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A House Divided
Posted at 03:49 PM ET, 11/14/2013

Virginia court records taken during Civil War return home

One hundred and fifty-one years after Union troops camping in Stafford County, Va. ransacked the county court house, destroying or stealing records found there, two of the documents came home Thursday.

In a brief ceremony Thursday morning at Stafford, George Bresnick of South Worthington, Mass. who found the papers in a neighbor’s attic trunk and researched their origin, handed them over to County Clerk of Court Barbara Decatur. Each one dealt with local farmers who had borrowed money and were slow to pay it back.

Decatur said she was delighted to have the papers dating from the 1700s back where they belonged. However, there are many more that have not been returned, she said.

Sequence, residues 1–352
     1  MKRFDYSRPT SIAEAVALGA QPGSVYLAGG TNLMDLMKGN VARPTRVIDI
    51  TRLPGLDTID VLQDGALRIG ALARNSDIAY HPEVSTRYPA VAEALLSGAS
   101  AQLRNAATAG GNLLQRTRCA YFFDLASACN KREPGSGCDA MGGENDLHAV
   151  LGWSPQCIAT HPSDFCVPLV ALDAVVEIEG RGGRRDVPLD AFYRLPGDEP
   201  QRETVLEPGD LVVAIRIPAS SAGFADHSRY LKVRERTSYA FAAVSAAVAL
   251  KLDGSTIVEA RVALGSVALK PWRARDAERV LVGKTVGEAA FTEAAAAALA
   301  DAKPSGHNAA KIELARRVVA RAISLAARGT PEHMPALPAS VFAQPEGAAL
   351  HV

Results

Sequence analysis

“We’ve had very few documents returned from that period,” she said, referring to the 1862 vandalism. “We wish everyone would look in their trunks and in the libraries and find the rest of them. We know they are out there somewhere.”

In 1903, a ledger covering the years 1664-1669 was returned to the courthouse by the New York State Library, and last year, another ledger came back to the courthouse from New Jersey.

The theft of legal papers, jewelry, enemy flags and other items was common by soldiers of both armies when they occupied a town. The items were considered souvenirs of the war and sent home to impress girlfriends and family members.

By Linda Wheeler  |  03:49 PM ET, 11/14/2013

 
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